Christmas Schedule

December 1st - December 24th:  Monday - Sunday 6:00pm, 7:00pm, 8:00pm

Christmas Train Schedule

December 1st - December 24th:  Monday - Sunday 4-8pm

(256) 389-1357
www.tuscumbiarailway.com

    

Pathways:  Walk through the  History of Muscle Shoals

2010 E Avalon Ave.
Muscle Shoals, AL 35661

The early history of the City of Muscle Shoals, including Wilson Lock and Dam and Muscle Shoals Music, is showcased through visual displays and exhibits located along a special corridor within City Hall.
Hours:  Monday - Friday 8 am – 4:30 pm.  Free. 

(256) 383-5675
www.VisitMuscleShoalsAL.com

 

Tennessee Valley Museum of Art

511 North Water St.
Tuscumbia, AL 35674

This regional art center is a venue for cultural activities.  Galleries provide annual and rotating exhibits, juried fine art and craft shows, workshops for adults and children.  The Martin Petroglyph exhibit is permanent and may be seen at any time.  (See website for Exhibit Schedule.)
Hours:  Monday – Friday  9 am – 5 pm; Sunday 1-3 pm.  Admission.

(256) 383-0533
www.tvaa.net

 

The Ritz Theatre

111 West 3rd St.
Sheffield, AL  35660

This 1920s silent movie house is restored to its Art Deco Style and is used for community theatre.  (See website for Production Calendar.)
Open for productions and for group tours by appointment.

 (256) 383-0533
www.tvaa.net

 

Kennedy-Douglass Center for the Arts

217 East Tuscaloosa St.
Florence, AL 35630

This cultural center houses galleries with rotating exhibits and a museum.  It serves as an educational facility and as a center for the coordination and promotion of cultural activity, offering workshops and classes.
Hours:  Monday - Friday 9 am – 4 pm.  Free. Gift Shop. 

(256) 760-6379

 

   

Belle Mont Mansion

1569 Cook Lane
Tuscumbia, AL 35674

Belle Mont is one of early Alabama’s crowning architectural achievements.  It is one of the most outstanding Palladian-style houses in the Deep South.  The mansion has a raised, two-story central section with flanking, one-story wings and a U-shaped floor plan that embraces a courtyard.  This architecture is reflective of Thomas Jefferson’s early designs; a similar plan is preserved among Jefferson’s drawings at Harvard University.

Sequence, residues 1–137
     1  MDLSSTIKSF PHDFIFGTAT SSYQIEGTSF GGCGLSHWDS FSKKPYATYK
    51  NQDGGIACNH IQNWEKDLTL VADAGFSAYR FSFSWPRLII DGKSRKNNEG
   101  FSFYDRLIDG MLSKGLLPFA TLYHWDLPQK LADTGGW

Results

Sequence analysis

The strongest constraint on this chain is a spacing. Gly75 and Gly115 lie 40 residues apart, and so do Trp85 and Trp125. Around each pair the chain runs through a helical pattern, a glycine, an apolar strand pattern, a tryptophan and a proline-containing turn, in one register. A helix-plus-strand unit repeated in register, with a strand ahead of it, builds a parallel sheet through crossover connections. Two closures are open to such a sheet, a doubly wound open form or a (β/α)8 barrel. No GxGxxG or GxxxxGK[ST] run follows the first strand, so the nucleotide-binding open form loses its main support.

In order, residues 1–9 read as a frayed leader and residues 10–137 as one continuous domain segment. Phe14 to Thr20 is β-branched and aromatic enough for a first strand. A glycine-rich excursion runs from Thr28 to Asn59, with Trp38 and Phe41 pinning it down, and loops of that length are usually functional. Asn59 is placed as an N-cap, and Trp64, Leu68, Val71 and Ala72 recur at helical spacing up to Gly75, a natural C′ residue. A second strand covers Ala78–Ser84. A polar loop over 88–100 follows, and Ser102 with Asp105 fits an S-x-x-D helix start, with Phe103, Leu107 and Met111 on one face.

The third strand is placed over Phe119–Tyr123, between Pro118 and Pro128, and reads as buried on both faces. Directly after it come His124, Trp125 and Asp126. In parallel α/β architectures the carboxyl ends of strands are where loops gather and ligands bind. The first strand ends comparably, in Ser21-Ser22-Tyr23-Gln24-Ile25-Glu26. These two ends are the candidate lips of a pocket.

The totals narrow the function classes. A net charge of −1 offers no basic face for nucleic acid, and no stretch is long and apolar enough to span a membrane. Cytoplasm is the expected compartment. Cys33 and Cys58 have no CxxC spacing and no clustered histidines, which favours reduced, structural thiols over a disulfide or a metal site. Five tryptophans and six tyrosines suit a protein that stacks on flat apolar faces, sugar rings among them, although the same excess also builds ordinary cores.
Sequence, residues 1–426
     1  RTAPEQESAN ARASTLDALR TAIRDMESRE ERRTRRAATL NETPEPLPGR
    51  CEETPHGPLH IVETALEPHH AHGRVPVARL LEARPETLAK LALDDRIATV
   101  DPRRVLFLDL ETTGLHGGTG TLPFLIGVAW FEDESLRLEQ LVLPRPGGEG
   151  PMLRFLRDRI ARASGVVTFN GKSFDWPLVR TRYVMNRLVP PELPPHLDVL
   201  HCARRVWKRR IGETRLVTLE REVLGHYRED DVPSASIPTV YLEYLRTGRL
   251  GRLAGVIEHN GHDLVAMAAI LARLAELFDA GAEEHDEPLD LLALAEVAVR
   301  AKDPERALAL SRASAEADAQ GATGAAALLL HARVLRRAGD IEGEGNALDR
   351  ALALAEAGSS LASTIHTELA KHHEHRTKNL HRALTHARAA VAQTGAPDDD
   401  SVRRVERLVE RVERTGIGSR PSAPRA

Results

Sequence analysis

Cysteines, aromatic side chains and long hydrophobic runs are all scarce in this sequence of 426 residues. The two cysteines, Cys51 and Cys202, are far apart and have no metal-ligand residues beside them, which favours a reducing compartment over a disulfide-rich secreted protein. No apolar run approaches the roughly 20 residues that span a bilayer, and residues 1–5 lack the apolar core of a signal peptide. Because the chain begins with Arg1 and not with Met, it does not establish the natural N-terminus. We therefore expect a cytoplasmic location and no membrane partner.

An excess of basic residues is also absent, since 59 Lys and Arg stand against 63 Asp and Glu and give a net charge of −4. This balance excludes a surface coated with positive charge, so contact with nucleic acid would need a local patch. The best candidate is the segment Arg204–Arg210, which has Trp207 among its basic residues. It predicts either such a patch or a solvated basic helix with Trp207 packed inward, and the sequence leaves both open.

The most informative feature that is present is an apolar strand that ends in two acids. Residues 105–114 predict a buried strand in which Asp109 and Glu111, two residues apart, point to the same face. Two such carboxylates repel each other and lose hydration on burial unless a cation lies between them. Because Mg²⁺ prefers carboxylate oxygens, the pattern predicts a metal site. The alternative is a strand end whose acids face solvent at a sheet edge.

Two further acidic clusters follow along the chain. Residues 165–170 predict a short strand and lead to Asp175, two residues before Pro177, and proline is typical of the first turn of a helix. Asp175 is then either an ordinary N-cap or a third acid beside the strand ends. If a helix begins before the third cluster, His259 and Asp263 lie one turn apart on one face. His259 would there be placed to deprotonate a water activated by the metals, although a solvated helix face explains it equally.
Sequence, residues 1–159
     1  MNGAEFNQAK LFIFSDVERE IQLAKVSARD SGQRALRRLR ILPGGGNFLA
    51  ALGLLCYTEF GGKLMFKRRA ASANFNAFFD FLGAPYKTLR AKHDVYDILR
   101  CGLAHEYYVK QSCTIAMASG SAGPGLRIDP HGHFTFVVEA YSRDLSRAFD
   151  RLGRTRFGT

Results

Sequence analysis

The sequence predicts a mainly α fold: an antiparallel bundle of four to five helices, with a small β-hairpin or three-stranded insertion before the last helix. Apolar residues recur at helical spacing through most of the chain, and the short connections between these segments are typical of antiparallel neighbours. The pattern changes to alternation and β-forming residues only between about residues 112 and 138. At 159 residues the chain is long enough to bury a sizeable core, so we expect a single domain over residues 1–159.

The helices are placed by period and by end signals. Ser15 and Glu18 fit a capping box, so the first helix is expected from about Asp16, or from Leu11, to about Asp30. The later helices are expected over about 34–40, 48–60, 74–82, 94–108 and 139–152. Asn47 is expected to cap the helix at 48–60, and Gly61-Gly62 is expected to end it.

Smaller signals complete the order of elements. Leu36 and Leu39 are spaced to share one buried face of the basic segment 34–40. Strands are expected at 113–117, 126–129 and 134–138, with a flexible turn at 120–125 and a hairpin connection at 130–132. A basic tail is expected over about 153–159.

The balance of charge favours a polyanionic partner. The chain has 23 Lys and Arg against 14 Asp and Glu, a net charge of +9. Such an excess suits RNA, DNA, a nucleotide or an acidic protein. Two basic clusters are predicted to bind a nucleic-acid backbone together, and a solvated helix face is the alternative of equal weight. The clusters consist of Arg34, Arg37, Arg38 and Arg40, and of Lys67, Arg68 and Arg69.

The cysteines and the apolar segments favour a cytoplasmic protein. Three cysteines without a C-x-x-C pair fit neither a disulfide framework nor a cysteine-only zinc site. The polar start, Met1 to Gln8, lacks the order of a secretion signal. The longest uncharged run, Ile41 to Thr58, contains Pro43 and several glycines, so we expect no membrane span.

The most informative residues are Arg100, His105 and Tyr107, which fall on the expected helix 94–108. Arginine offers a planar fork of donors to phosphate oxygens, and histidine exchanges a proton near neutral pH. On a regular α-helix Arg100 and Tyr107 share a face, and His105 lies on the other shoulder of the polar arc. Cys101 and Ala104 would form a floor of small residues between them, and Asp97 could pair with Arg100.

Open Wed. - Sat. 10 a.m. - 4 p.m.

(256) 637-8513
www.preserveala.org

 

 

Coon Dog Cemetery

4945 Coondog Cemetery Rd.
Cherokee, AL 35616

Over 225 coon dogs have been laid to rest in the scenic “Freedom Hills.”  Unique headstones and epitaphs pay tribute to man’s best friend.  Key Underwood’s raccoon hunting dog, Troop, was the first dog buried here on Labor Day in 1937.  (See Events for Coon Dog Labor Day Celebration.)
Open daylight hours, daily, year round.  Free.

Find out more about the Coon Dog Cemetery Here!
(256) 383-0783
www.coondogcemetery.com

Freedom Hills Wildlife Management Area: 256-353-2634

 

   

LaGrange College Site Park

1461 LaGrange College Rd.
Leighton, AL 35646

Established in 1830 as Alabama’s first college, LaGrange soon became known as “The West Point of the South.”  The college was destroyed by Union forces led by Colonel Florence M. Cornyn and his “Destroying Angels.”   Today, the historic site has been recreated with a pioneer village, including a welcome center and museum, restored cemetery and park with pavilion.  (See Events for Recall LaGrange.)
Hours:  Park open daily from 9 am – 5 pm.  Welcome Center/Museum open  Sunday 1- 4 pm or by appt. Free. Gift Shop.

Find out more about LaGrange College here!
(256) 446-9324
www.recall-lagrange.00me.com

 

       

Wright-Rosenbaum House

601 Riverview Dr.
Florence, AL 35630

In 1939 Frank Lloyd Wright designed this house of cypress, glass, and brick to be built overlooking the Tennessee River.  A pure example of Usonian design, it has an open floor plan with an easy flow of rooms.  Wright designed the furnishings and later, an addition for the growing Rosenbaum family.  Alabama’s only Wright design.
Hours: Tuesday - Saturday  10 am – 4 pm; Sun 1-4 pm.  Admission.